Synthetic alienation of microbial organisms by using genetic code engineering: Why and how?

12:10 EDT 3 Jul 2017 | Wiley Biotechnology Journal

The main goal of synthetic biology (SB) is the creation of biodiversity applicable for biotechnological needs, while xenobiology (XB) aims to expand the framework of natural chemistries with the non‐natural building blocks in living cells to accomplish artificial biodiversity. Protein and proteome engineering, which overcome limitation of the canonical amino acid repertoire of 20 (+2) prescribed by the genetic code by using non‐canonic amino acids (ncAAs), is one of the main focuses of XB research. Ideally, estranging the genetic code from its current form via systematic introduction of ncAAs should enable the development of bio‐containment mechanisms in synthetic cells potentially endowing them with a “genetic firewall” i.e. orthogonality which prevents genetic information transfer to natural systems. Despite rapid progress over the past two decades, it is not yet possible to completely alienate an organism that would use and maintain different genetic code associations permanently. In order to engineer robust bio‐contained life forms, the chemical logic behind the amino acid repertoire establishment should be considered. Starting from recent proposal of Hartman and Smith about the genetic code establishment in the RNA world, here the authors mapped possible biotechnological invasion points for engineering of bio‐contained synthetic cells equipped with non‐canonical functionalities. Until the 21st century, biology was predominantly an analytical science, which has now reached a point at which it passes into a synthetic science. From this point of view, we postulate that the ultimate goal of such engineering is to try to change the chemical composition of the living cells, that is, to create an artificial biological diversity of life with orthogonality which prevents the genetic information transfer to natural systems. This research is on the one hand closely linked to studies on the nature and origin of life, whereas on the other hand it will provide us with sophisticated bio‐inspired materials and synthetic cells that will surpass existing (bio)technologies with a potentially high value for society as a whole.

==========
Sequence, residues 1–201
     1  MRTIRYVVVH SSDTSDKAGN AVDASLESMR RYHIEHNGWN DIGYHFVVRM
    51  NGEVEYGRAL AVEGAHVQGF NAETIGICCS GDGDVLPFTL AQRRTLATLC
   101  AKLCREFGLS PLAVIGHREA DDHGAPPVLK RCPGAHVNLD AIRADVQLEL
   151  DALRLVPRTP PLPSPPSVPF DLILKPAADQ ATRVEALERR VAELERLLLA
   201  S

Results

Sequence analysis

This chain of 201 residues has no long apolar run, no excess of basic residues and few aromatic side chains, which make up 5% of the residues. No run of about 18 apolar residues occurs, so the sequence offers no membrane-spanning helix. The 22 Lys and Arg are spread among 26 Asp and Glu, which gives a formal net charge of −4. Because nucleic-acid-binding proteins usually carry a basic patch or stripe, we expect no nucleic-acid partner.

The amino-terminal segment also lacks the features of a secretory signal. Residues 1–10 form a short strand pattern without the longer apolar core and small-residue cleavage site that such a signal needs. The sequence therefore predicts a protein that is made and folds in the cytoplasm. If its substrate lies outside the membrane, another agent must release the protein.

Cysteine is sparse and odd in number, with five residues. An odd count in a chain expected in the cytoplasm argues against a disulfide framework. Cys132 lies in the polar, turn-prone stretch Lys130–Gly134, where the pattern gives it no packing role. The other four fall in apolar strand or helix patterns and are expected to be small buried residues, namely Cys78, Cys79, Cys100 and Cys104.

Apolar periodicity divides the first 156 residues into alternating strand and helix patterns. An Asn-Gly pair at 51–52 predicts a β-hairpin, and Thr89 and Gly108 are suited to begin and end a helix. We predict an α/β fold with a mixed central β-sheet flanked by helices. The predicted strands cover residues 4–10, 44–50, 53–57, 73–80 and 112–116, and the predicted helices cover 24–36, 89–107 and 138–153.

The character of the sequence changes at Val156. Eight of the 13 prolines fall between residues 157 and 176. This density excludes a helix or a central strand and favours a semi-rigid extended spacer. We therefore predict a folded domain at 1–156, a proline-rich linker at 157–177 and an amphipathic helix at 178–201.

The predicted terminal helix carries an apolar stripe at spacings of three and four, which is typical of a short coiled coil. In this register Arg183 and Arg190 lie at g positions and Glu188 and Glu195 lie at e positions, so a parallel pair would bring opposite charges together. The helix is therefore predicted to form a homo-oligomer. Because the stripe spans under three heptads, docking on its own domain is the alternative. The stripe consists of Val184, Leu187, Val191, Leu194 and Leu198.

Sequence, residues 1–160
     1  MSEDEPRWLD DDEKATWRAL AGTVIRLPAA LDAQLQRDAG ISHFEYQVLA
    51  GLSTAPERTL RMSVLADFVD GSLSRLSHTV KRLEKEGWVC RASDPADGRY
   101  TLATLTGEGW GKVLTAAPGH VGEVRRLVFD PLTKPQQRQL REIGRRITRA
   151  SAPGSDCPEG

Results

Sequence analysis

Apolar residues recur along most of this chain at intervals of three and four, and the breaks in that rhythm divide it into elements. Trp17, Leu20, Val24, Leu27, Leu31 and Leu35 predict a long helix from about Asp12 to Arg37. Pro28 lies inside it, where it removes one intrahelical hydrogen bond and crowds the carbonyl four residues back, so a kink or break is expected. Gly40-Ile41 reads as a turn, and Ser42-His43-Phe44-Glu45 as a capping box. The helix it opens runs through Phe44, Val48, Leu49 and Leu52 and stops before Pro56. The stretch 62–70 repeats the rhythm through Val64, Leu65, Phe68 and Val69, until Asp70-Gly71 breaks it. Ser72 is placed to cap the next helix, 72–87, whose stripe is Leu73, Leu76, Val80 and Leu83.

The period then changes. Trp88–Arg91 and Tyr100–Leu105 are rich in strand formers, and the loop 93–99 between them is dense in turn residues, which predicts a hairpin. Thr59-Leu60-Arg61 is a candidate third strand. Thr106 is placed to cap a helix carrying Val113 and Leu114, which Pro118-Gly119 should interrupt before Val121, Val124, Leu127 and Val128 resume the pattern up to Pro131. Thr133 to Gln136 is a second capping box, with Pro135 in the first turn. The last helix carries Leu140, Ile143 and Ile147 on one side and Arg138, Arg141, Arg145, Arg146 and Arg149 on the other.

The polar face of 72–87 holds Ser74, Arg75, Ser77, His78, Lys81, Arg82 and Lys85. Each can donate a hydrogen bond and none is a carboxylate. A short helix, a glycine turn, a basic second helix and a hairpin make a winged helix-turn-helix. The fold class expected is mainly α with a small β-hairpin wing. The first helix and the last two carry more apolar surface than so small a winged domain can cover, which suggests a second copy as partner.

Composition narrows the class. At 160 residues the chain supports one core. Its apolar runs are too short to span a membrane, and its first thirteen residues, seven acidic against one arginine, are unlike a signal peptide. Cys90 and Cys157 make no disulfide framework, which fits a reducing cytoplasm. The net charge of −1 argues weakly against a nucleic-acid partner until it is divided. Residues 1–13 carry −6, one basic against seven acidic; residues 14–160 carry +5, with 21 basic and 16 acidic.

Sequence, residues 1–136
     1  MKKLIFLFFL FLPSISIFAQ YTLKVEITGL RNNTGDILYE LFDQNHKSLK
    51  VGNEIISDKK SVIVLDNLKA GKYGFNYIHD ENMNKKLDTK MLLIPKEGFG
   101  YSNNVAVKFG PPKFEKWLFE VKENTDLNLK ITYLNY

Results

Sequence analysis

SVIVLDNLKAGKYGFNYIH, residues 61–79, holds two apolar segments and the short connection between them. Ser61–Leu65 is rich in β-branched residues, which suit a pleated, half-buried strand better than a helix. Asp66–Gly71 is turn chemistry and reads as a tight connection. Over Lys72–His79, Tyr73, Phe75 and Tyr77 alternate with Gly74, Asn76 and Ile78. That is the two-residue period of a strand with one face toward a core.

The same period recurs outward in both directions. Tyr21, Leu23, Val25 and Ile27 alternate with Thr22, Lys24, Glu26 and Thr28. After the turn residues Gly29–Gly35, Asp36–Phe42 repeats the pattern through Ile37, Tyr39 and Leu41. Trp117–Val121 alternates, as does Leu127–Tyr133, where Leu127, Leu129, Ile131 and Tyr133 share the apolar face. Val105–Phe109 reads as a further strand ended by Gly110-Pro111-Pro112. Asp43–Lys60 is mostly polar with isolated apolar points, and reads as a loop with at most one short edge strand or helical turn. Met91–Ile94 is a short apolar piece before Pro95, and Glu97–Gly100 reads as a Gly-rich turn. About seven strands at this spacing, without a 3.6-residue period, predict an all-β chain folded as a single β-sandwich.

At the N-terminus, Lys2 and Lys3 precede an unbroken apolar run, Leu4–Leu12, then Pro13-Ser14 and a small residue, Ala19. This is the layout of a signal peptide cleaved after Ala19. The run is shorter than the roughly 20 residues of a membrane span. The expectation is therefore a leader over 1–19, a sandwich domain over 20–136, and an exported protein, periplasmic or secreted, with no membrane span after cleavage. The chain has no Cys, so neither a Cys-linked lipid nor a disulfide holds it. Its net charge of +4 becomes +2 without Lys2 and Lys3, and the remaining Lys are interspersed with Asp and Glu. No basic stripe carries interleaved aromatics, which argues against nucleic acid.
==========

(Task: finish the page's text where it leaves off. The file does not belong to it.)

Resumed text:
Original Article: Synthetic alienation of microbial organisms by using genetic code engineering: Why and how?


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